It has never been clear why this enormously talented and powerful creator ended his life so early, in the prime of his life. His last comic book story, perhaps, holds a clue.

Copyright 2009, Paul C. Tumey

9 comments:

  1. art speigelman's 'jack cole and plastic man' - great book, offers further insight into cole's life and untimely death.

    thanks for posting both the story and your analysis!

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  2. That's a good point. We've mentioned Spiegelman and Kidd's book several times on this blog and highly recommend it. Incredibly, it is out of print, but used copies can be found for sale on Amazon, and many libraries still have copies (sadly, the Seattle Public Library system does NOT have copies in circulation as of this time!). Thanks for mentioning this!

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  3. A lot to say about this story, especially when you consider it's Cole's last for comics -- a fact of which I was not aware until I read your post.

    Certainly Plas was Cole's greatest and most lucrative creation for comics, so it's hard not to see this distended antagonist/protagonist as related. Unlike his well adjusted cousin, though, Fry's transformation doesn't leave him better off, but worse. Eel O'Brian was a criminal who became a hero after the accident, while Fry was a great man who became a monster. Dig a little deeper and you find something even more interesting. While Plas is physically (and for the purposes of narration, visually) the craziest element of any story he's in, mentally he's always the sanest, most grounded man in what almost always proves to be a crazy world. Fry on the other hand has become the stupidest, most unpredictable creature in a very sane and sober world.

    Draw your own conclusions as to what that might mean in relation to Cole's career.

    Excellent post, Paul.

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  4. Congratulations on your blog here, one of my favourites!

    I discovered Cole and Plasticman through Art Spiegelman's book on him and I can only agree that Jack Cole deserves a position at the top of Comicdom.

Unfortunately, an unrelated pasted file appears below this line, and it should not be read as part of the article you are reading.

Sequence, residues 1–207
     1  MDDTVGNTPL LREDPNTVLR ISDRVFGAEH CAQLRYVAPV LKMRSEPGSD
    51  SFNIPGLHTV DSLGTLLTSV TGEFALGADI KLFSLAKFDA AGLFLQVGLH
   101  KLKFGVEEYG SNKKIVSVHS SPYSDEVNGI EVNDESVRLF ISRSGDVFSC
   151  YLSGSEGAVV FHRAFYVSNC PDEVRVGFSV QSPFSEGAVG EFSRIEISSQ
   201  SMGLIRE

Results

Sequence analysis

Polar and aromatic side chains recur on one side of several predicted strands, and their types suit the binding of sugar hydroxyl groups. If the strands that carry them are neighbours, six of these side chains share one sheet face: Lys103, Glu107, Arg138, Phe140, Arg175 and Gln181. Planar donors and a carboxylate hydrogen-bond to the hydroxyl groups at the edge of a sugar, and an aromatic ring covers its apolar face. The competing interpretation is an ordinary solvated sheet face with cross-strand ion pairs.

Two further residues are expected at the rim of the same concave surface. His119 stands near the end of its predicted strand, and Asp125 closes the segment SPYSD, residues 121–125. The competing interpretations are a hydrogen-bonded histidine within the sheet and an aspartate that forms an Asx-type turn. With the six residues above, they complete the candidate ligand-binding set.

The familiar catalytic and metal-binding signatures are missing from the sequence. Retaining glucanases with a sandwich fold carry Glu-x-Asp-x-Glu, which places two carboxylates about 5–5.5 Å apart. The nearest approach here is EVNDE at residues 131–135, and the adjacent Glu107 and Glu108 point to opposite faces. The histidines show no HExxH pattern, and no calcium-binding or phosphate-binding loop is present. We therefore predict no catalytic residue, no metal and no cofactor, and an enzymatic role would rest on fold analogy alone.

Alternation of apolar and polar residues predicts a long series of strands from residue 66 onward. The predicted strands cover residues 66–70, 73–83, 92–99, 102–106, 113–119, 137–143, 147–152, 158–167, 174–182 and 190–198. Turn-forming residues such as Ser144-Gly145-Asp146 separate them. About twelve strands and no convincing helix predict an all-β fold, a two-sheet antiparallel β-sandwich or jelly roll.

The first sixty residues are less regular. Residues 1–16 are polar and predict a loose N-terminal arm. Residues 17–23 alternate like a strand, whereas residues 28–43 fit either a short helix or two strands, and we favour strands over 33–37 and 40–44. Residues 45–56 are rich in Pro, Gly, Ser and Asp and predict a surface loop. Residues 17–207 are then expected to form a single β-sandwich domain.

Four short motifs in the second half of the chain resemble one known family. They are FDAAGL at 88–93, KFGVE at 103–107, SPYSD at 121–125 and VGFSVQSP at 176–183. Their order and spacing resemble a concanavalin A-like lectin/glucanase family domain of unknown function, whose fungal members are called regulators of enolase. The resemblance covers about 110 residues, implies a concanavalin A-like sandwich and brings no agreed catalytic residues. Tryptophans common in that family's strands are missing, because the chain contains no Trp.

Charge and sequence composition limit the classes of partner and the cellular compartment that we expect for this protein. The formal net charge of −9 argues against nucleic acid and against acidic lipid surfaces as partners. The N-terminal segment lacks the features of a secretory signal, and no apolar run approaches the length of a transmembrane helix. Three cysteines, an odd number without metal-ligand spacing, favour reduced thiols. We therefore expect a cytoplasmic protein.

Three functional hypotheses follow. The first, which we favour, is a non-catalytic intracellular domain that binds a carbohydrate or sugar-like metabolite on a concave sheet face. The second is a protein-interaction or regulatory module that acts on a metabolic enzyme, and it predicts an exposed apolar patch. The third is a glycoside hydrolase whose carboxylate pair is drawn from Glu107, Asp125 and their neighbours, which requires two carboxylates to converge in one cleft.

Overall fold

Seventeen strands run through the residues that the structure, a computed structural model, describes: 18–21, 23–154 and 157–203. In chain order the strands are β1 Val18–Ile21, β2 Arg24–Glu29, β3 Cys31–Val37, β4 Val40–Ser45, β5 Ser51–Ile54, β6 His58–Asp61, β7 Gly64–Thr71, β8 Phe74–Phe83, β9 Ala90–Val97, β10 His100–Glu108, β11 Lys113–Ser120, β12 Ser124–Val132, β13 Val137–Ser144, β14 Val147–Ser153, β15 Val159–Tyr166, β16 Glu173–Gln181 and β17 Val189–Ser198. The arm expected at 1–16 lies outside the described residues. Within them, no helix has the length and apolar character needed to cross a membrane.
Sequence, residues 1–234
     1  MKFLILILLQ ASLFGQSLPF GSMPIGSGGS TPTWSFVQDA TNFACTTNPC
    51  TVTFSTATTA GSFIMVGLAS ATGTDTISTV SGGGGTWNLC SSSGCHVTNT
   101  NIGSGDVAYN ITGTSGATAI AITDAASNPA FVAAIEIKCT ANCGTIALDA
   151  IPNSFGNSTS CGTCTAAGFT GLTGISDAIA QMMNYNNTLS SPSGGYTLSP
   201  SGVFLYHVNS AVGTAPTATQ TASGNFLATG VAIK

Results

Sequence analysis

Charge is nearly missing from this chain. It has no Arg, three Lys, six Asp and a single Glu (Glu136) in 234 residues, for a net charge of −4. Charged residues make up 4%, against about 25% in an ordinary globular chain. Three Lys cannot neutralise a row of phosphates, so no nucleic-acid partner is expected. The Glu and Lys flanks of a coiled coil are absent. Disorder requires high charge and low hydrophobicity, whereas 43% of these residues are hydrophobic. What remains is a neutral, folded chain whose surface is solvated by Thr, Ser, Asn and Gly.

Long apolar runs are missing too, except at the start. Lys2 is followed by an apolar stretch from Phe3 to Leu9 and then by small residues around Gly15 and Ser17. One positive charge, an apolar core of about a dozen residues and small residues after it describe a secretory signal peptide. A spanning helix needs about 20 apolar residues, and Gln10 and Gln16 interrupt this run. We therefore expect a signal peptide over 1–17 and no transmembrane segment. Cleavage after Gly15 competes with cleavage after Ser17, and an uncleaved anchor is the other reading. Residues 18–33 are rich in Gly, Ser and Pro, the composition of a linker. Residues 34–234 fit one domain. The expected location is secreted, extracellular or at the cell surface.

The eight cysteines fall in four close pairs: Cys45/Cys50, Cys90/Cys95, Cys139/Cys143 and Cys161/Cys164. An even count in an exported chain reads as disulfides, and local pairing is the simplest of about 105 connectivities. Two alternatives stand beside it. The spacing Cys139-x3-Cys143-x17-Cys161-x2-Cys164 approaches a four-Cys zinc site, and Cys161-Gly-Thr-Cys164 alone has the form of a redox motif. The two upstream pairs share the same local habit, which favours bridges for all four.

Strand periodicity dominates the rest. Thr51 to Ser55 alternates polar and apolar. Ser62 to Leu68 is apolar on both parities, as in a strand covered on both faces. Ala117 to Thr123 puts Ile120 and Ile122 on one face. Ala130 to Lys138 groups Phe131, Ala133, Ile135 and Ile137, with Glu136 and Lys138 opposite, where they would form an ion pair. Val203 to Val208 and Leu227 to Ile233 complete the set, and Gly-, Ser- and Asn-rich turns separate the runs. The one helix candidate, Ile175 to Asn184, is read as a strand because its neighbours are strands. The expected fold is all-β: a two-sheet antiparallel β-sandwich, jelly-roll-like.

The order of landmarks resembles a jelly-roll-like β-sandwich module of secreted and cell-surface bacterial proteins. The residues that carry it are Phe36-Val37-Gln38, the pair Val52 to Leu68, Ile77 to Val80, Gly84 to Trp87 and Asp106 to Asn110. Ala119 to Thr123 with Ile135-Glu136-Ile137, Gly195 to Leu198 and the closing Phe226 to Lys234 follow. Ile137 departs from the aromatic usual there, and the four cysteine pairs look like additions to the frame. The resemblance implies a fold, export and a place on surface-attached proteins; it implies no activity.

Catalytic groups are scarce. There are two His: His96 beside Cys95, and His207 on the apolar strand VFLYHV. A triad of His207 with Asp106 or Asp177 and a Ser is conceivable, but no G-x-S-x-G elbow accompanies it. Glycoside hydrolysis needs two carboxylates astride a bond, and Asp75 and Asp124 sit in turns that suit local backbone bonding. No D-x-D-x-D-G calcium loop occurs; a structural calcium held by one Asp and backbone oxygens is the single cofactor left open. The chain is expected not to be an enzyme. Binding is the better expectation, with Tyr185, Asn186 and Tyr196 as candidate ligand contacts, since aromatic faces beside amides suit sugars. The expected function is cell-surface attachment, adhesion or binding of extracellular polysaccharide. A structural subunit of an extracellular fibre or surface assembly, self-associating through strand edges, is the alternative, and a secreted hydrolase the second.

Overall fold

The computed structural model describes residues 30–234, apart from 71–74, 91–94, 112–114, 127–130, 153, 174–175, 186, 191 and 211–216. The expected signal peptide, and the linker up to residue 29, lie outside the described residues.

Though I am very sympathetic to your serious approach to the media of comics - and Jack Cole's creations, and your latest posting is a fine example of this, but I can't help feeling that there's a danger of getting a bit too "Freudian" - meaning a (psycho-) analytical approach to Cole's work (which was also the way I felt about Spiegelman's book at the end)

    Obvoiusly Cole had major problems in his life since he chose to kill himself, but after all he also seems to have been a mild mannered down to earth type of person from an all-American middleclass background, who just happened to work in a industry mainly aimed at pre-adolescent boys who demanded action, horror, gore and explosions if they were to hand over their pocket money!

    would that type of man really harbour a wealth of inner demons?

    Wallace Wood's suicide has generated less debate that Cole's - was it because Wood's problems (like his alcohol abuse) were well known?, or because he was more outspoken about his bitterness and lacking enthusiasm for the comic-book industry?

    Apparently Cole had none of these vices...
    so maybe he just "snapped" due to a serious personal trauma (which has remained unknown to his fans - generating an air of deep mystery) and made a decision about killing himself he might not have made the week before?

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  5. Anybody who commits suicide has (or had, if you will) a "wealth of inner demons." Nobody ever just "snaps." That's an invention of pop-culture media. If one focuses any scrutiny on people who have supposedly just "snapped," one always finds a "wealth of inner demons." Always. Humans are all complicated.

    Whether that sort of thing comes out in a cartoonist's work is another matter, but I think it's safe to say that a man who kills himself is profoundly unhappy. Almost a truism, I would have thought.

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  6. I agree that there is a danger in this -- or any analysis of a creator's works -- of becoming too psychoanalytical.

    For that reason, this post is one of the very few in which I have mentioned Jack Cole's tragic suicide in relation to his work. I think only 3 posts out of 54 on this blog so far even mention his suicide.

    I prefer to focus as much as possible on th emerits of the work itself. However, in some cases, such as Cole's strange dark last comic book stories, I think it is valid to consider how these stories may prefigure his sad decision to end his own life. I have been careful not to dwell too much on this.

    My interest in Jack Cole is not his suicide (as mysterious as it is), but his great graphic stories, his inventiveness, his unique humor, and his exuberant embracing of the form of graphic storytelling.

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  7. thanks for your replies Paul Tumey and Tamfos,

    -I almost feel obliged to repeat that this blog is one of my favourites and your treatment of Cole's work as the creations of a great artist is a pleasure to read, especially your postings on his very early work which was completely unknown to me.

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  8. Thank you Anonymous for the great comments and for letting me know that you like this blog. It means a great deal to me.

    ReplyDelete